Condemned by Law: Assassination of Political Dissidents Abroad
Given the central role of the Special Affairs Committee and the Ministry of Intelligence in the assassination of dissidents abroad, there is a high likelihood that command responsibility could be imputed to many high ranking members of these two agencies. This is especially true of the permanent members of the Special Affairs Committee, which included the Supreme Leader, the President of the Republic, the Speaker of the Majlis, the Minister of Intelligence, and the heads of the Judiciary.264 This committee was responsible for spearheading the effort to silence opposition abroad by recommending individuals for assassination.265 Once the recommendation had been approved by the Supreme Leader, the committee would arrange for the Ministry of Intelligence or the Quds Force to carry out the assassination.266
In addition to the current Supreme Leader Ayatollah Ali Khamenei, high ranking individuals who may carry command responsibility liability for the commission of assassinations abroad include, but are not limited to: Akbar Hashemi Rafsanjani, Mohammad Reyshahri, Ali Fallahian, Mohsen Riza’i, Ali Akbar Velayati, Reza Seyfollahi, Ayatollah Khaz’ali, Hassan Rouhani and Ali Larijani. Although a particular member of the Committee may not have been directly involved in the murder of dissidents, it is likely that all members were aware of the Committee’s role in the killings of dissidents abroad. Individual members, therefore, probably had at least constructive knowledge that the extrajudicial killings of Iranian dissidents would be committed and failed to do anything to prevent the commission of the assassinations (or punish the perpetrators). Although it is unclear whether any individual member exercised effective control over the agents who ultimately executed the targeted killings,267 their positions as executive heads of agencies directly involved in the planning and commission of the assassinations strongly suggest the existence of a superior-subordinate relationship between them and the perpetrators of the assassinations. Further inquiry into the inner workings of the Special Affairs Committee is needed to establish whether individual members were criminally accountable pursuant to the doctrine of command responsibility.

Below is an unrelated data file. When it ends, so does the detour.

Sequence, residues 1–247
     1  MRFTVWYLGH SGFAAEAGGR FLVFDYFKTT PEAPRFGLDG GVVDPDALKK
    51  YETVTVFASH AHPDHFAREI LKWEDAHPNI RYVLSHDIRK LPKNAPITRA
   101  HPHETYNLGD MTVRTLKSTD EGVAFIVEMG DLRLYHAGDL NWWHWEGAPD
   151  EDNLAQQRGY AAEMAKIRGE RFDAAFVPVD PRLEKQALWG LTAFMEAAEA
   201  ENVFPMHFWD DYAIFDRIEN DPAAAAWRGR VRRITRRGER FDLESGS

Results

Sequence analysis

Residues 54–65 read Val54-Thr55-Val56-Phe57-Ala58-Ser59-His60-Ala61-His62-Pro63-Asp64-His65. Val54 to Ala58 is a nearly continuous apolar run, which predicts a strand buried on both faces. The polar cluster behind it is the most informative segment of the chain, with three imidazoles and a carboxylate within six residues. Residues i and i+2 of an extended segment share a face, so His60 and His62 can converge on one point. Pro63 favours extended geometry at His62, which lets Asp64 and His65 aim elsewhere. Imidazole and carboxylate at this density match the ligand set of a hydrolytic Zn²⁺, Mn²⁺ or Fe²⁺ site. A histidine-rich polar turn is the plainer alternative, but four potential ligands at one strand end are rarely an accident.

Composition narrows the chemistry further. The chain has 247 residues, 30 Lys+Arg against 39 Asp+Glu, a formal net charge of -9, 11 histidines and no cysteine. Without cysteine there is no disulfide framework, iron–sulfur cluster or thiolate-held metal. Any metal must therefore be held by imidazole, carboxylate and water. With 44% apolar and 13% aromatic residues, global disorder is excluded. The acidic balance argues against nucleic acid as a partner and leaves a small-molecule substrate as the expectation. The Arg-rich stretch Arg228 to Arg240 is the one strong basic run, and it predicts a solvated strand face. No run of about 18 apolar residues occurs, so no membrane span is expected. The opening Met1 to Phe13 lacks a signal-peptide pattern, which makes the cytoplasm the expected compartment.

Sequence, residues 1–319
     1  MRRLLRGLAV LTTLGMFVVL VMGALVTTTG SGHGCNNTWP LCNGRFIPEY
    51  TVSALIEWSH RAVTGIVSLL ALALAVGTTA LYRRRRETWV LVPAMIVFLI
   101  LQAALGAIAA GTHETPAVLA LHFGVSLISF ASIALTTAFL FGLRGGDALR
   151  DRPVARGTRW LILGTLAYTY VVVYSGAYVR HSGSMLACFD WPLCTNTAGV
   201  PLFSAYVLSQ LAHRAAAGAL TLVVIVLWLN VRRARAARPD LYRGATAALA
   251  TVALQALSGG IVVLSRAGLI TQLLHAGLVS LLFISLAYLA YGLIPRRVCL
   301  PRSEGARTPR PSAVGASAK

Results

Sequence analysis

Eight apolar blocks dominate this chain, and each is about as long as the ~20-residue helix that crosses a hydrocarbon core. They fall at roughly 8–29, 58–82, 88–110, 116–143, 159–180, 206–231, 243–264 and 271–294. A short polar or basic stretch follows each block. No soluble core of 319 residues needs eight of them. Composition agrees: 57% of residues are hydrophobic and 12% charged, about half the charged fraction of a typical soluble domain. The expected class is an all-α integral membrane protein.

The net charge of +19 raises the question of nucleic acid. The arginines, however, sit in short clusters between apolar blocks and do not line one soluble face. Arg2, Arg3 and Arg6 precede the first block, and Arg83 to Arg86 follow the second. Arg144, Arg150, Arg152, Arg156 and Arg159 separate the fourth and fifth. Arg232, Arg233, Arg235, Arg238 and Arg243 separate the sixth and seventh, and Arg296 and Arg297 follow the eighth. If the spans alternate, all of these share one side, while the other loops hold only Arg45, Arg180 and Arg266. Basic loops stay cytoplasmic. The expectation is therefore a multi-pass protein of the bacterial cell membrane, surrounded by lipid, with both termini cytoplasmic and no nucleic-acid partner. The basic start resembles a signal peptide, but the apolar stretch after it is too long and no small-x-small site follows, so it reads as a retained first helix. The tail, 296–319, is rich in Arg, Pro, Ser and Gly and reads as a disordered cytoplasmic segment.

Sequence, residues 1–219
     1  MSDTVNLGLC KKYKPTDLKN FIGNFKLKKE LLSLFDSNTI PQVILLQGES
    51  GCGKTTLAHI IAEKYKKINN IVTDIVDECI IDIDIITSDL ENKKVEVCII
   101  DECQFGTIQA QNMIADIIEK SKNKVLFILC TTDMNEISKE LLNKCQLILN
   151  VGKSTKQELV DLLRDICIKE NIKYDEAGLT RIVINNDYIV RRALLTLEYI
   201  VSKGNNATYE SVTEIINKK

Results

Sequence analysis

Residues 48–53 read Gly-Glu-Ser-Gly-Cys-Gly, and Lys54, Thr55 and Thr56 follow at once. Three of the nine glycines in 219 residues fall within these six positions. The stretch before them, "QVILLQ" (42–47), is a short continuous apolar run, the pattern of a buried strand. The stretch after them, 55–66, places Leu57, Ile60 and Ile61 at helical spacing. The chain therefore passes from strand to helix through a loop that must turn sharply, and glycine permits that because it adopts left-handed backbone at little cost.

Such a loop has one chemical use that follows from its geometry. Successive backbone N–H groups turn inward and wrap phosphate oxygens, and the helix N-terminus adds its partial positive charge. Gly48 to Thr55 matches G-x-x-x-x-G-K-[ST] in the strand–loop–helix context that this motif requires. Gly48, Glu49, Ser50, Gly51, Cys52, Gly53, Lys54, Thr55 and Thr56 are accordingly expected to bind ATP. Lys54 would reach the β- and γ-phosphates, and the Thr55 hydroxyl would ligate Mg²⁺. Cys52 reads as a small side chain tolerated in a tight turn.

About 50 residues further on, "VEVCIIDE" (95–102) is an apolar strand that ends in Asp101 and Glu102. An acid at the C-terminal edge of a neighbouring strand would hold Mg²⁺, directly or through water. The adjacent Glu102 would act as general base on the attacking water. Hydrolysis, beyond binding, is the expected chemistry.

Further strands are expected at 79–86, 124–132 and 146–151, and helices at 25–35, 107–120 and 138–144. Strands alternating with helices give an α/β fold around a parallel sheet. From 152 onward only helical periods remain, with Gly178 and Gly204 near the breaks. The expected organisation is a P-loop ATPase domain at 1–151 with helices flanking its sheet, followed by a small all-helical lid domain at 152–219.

It is the judgment of the IHRDC that Iran’s global campaign of political assassinations abroad amounts to a crime against humanity. The campaign evinced a widespread and systematic character and was directed at the highest levels of the Iranian state. More specifically, a number of leading regime figures including Supreme Leader Ayatollah Khamenei, Akbar Hashemi Rafsanjani, Mohammad Reyshahri, Ali Fallahian, Mohsen Riza’i, Ali Akbar Velayati, Reza Seyfollahi, Ayatollah Khaz’ali, Hassan Rouhani and Ali Larijani may all bear a direct criminal responsibility for these actions.
At present, there seem to be relatively few logistical (and political) avenues by which high ranking regime elements involved with Iran’s campaign of foreign assassinations can be brought to justice. Yet legal channels do exist. Domestic indictments and prosecutions, such as those leveled against former Iranian Intelligence chief Ali Fallahian in Argentina, Germany and Switzerland offer some hope, particularly in situations where the perpetrators of these crimes come within the jurisdiction of the countries concerned. Criminal prosecutions based on universal jurisdiction and customary norms, whether they occur in the domestic courts of a U.N. member state or as part of a future ad hoc tribunal charged with prosecuting and convicting high ranking Iranian officials responsible for crimes against humanity, also remain a possibility. In the absence of effective opportunities to secure criminal convictions, however, prosecutors and families of victims should continue to employ innovative civil legal strategies in order to hold the Iranian regime financially accountable for its actions.
To bring the perpetrators of Iran’s state-directed violence to justice requires great resolve and perseverance. It is the hope of the IHRDC that at the very least this report (and its companions No Safe Haven and Murder at Mykonos) informs, educates and inspires victims, human rights advocates, government authorities and members of the public to remain steadfast in their pursuit to bring the Islamic Republic to account for its violations of the most fundamental of human rights: the right to life.
See NO SAFE HAVEN, supra note 25, at 8-9; MURDER AT MYKONOS, supra note 35, at 6-7.
NO SAFE HAVEN, supra note 25, at 8-9.
This is, of course, not the case for Ali Akbar Velayati, who was indirectly implicated in the killings of Dr. Sharafkandi and his comrades in Berlin, Germany. MURDER AT MYKONOS, supra note 35, at 18.